Between January and February 2017 the Bay Area Council sent out its annual poll…a web survey of Registered Voters in the 9 county San Francisco Bay Area and the results shouldn’t surprise anyone. More people want to leave the Bay Area than ever before. Citing skyrocketing housing costs and just about the worst traffic ever, citizens are preparing to move to greener pastures, if they can.
In 2014 about 25% of respondents said that traffic was worse and traveling was more difficult than the previous year. In 2015 about 37% responded the same way…and it keeps climbing to 2017 where 60% of respondents claimed that traffic was worse and traveling was nearly impossible.
The study also found that over 40% of young adults are considering leaving for the very same reasons – housing affordability and the worst traffic congestion in the history of the Bay. The long-held belief that Millennials would prefer living in high-rise condos and raise their families in them is fast becoming a twenty-first century urban myth. Few see the Jetsons’ lifestyle as appealing as the 60’s cartoon series was made out to be.
In fact, some of the research suggests that Millennials want to form households like their parents did with nice homes on suburban lots close to work or public transportation. If Millennials do begin departing for the greener pastures like North Carolina, Texas, Washington State or Nevada, this could destabilize the job market in the Bay Area and cause high-tech companies to move as well.
Of the 1,000 people polled, 55% were anxious about the general cost of living in the Bay Area while 41% cited housing as their biggest concern and 39% cited traffic as the biggest headache.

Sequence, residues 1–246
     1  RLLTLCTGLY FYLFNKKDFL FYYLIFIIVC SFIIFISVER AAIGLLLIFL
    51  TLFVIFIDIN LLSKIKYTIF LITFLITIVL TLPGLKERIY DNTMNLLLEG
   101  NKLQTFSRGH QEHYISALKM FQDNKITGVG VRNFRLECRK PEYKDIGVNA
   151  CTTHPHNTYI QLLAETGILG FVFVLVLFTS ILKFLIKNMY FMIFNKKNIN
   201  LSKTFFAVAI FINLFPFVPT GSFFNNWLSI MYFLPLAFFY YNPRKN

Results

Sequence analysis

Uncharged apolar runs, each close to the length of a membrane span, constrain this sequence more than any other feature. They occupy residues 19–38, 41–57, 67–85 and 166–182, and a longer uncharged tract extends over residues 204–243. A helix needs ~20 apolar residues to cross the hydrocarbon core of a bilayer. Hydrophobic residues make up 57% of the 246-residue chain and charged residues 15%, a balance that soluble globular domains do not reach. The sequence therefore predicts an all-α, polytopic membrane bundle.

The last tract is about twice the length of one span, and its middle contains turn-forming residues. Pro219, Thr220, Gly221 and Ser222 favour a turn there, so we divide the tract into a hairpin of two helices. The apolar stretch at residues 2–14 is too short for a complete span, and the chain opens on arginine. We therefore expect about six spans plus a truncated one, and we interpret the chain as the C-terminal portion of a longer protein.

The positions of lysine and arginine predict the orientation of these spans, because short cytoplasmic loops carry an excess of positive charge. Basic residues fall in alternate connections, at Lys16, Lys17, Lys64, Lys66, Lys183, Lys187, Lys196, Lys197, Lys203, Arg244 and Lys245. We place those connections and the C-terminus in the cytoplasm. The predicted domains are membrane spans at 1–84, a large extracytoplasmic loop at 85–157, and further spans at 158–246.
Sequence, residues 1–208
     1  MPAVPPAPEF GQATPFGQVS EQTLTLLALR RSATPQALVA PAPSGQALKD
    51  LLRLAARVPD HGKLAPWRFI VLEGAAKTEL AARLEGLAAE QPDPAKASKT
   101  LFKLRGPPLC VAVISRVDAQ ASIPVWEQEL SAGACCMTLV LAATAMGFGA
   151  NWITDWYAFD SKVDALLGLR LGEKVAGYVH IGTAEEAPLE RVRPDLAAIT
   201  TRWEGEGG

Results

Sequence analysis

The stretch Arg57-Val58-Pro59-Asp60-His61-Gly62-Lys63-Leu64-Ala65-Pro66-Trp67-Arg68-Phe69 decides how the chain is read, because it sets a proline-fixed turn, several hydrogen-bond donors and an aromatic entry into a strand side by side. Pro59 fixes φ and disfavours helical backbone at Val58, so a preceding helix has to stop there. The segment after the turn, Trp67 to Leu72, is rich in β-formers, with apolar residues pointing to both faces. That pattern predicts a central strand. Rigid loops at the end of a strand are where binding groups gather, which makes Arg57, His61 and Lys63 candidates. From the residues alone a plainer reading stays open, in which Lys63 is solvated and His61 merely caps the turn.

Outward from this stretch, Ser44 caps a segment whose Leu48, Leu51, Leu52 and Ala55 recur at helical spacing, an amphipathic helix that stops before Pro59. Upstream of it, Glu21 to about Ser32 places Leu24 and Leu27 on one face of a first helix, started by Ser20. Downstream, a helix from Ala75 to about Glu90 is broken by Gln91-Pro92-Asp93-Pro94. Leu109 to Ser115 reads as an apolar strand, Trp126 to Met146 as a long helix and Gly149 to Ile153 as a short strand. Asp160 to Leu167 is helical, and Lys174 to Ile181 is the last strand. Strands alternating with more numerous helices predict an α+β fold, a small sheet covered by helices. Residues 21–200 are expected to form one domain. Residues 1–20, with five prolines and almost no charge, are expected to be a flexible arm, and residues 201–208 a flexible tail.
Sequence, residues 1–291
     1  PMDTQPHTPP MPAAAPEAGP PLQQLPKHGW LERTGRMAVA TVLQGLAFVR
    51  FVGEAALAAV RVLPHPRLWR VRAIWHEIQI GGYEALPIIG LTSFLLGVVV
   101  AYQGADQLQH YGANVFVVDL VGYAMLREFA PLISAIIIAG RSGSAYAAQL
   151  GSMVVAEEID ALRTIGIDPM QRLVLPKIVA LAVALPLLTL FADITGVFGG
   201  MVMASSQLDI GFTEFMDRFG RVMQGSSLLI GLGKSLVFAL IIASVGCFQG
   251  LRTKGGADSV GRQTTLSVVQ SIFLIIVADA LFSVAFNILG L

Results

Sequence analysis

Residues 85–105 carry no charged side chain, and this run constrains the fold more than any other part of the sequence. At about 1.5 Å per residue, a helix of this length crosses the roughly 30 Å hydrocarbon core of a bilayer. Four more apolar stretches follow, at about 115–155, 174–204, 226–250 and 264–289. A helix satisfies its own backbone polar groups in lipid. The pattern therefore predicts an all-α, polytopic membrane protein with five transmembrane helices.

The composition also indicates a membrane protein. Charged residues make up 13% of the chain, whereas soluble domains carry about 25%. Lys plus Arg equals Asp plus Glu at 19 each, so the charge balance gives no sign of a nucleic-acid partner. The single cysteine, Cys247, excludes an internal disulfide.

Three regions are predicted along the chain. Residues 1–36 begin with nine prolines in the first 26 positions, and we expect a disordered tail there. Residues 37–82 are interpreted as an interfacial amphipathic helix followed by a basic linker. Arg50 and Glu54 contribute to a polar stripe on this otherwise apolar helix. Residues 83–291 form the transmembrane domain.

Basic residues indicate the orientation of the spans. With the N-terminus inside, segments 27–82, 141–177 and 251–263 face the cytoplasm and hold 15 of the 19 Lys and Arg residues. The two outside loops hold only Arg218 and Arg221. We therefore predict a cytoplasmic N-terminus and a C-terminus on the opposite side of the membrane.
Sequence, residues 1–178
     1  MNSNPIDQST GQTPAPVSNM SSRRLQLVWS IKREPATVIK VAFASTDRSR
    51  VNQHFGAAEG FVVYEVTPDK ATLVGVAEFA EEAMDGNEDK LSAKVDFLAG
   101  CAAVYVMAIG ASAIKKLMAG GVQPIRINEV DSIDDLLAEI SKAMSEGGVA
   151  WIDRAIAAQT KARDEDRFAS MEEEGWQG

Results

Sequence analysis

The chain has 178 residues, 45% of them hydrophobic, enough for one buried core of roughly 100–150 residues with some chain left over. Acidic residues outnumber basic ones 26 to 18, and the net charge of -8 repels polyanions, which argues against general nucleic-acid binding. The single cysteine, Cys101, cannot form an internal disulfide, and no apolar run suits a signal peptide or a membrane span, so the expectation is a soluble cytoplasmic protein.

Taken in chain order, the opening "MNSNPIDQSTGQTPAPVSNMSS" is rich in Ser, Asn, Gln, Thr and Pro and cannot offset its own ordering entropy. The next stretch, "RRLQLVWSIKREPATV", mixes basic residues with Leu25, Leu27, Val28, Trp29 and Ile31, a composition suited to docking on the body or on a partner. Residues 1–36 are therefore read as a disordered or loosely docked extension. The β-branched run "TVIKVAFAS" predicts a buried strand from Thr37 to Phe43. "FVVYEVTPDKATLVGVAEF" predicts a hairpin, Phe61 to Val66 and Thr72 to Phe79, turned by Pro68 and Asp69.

The gap has also narrowed among those who say they will leave and those who say they are unlikely to leave. In 2016 those who stated they were likely to leave were 33% of the respondents and 54% said they were unlikely to leave. In 2017 those numbers dramatically changed to 40% who were likely to leave while those who were unlikely to leave went down to 46%. Almost 1 out of 2 respondents indicated they were ready to leave the bay area for greener, more affordable and less traveled pastures.
The key challenge for places like the Bay Area is to attract Millennials who want to live and work there in the future. Without a better quality of life and affordable housing opportunities, high-paying jobs will not be enough to draw a young work force let alone a place where the service sector can live close to their work and be of assistance to the high wage earning Millennials.
The Bay Area is at a crossroads and there is bumper-to-bumper traffic. Meanwhile, back at the ranch, communities who have solved some of the problems associated with density, affordable housing and natural beauty are just waiting for their chance to be the next Millennial destination.